17. Steve says:

    Violet: Your rage is admirably restrained. And you didn’t even mention all of her dipshit legislative colleagues who went along with it.

  18. Pastor Al E Pistle says:

    OK, all you uppity feminazi women! ON YOUR BACKS AS GOD COMMANDS!

  19. Pastor Al E Pistle says:

    On reflection, you used a horrible example. Female cuttlefish are completely free to choose a mate from competing males, to allow mating or not, and to dispose of the little cutlets in a manner of their choosing. Most animals have that choice. Humans are almost singular in their unwillingness to allow freedoms of choice. Thankfully the New Inquisition is beginning and many witches will be forced to confess. This tactic worked wonders in stamping out the black plague and various other maladies inflicted by GOD and will no doubt work again.

  20. Infidel says:

    Wise men would just hold off ejaculating if the woman would only make their choice clear at the point of no return for the man. Then we wouldn’t have to legislate.

  21. Steve says:

    Seriously, if the shit of repression and no choice hits the fan, we always have civil disobedience.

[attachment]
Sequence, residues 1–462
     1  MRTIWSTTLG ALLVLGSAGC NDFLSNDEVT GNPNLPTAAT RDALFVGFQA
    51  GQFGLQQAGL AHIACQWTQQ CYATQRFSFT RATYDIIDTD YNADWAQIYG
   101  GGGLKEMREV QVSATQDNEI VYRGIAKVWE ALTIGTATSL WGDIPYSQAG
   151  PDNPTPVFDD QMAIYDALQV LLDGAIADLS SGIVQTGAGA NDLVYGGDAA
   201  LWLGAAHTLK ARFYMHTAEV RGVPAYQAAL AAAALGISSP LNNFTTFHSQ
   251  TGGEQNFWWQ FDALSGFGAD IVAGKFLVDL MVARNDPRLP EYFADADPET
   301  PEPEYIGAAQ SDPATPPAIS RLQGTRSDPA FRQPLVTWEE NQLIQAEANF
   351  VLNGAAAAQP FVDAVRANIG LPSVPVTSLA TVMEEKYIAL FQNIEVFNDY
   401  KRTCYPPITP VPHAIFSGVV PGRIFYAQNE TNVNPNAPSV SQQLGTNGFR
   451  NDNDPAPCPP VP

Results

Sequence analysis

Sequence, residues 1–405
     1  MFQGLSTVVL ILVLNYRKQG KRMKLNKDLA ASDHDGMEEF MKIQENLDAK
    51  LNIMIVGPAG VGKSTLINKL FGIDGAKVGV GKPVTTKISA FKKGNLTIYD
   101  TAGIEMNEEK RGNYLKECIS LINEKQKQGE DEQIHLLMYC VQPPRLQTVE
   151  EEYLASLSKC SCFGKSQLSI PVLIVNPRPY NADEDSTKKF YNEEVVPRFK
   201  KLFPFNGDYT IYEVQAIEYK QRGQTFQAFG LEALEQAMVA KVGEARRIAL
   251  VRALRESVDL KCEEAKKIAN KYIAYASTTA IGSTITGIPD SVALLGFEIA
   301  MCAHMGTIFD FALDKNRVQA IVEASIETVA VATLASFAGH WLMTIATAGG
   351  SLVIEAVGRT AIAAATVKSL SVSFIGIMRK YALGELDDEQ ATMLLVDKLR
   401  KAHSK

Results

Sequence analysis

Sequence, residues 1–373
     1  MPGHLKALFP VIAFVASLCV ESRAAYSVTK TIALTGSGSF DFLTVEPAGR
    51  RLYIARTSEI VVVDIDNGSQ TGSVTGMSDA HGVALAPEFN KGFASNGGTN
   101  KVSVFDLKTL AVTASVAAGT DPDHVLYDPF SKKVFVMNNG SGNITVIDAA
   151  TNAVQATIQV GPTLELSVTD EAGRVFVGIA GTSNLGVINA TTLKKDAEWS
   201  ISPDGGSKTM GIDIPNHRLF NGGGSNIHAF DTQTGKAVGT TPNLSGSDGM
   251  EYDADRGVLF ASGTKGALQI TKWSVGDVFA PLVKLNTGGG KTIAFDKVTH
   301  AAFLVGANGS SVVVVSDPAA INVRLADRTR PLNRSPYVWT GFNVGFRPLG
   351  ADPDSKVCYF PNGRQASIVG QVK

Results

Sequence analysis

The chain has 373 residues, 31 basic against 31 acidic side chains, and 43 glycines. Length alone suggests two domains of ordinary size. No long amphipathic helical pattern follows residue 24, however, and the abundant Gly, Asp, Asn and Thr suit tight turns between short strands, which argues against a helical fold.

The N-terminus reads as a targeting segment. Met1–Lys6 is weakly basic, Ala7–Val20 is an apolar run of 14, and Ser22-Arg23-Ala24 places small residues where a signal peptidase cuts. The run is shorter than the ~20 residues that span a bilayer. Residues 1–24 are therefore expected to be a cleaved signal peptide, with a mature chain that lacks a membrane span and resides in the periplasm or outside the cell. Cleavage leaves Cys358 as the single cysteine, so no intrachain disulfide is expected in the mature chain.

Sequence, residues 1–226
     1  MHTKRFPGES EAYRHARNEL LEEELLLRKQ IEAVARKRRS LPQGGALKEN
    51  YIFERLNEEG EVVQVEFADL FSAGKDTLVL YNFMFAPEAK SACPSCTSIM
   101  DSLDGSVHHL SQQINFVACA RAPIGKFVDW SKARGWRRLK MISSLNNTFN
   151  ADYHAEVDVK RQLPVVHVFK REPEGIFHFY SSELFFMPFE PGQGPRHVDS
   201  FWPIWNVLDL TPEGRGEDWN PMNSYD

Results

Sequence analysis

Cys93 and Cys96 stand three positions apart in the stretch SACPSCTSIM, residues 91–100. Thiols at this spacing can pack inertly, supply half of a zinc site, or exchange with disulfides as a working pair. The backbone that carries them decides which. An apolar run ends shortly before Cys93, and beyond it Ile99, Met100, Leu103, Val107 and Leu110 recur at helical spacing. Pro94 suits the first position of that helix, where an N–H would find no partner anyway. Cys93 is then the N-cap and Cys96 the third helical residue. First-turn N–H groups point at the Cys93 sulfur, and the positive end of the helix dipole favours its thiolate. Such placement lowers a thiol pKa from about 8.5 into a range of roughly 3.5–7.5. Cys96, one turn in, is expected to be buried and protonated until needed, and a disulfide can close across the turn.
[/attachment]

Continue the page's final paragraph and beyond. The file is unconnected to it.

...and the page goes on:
22. Gabriel says:

    A (wo)man’s body is beyond politics and law. (S)he should be able to choose what is good for her/him and live according to those values that appear in line with her/his convictions.

    Making any form of concessions at this level goes against our constitution. We’re all equal at this level. As a spiritual being I am against abortion. And capital punishment. And assisted suicide. But I can understand that in the face of suffering a person may choose an easier way to deal with an issue that is very private and personal.

    In my opinion the government should spend more time on understanding and solving problems pro-actively rather than trying to come up with a legislated effort to undermine our constitution. What I see here is that we’re gathering momentum to turn our free society into a templated version of Utopia. The counter-reaction of this would be anarchy. I think I prefer anarchy.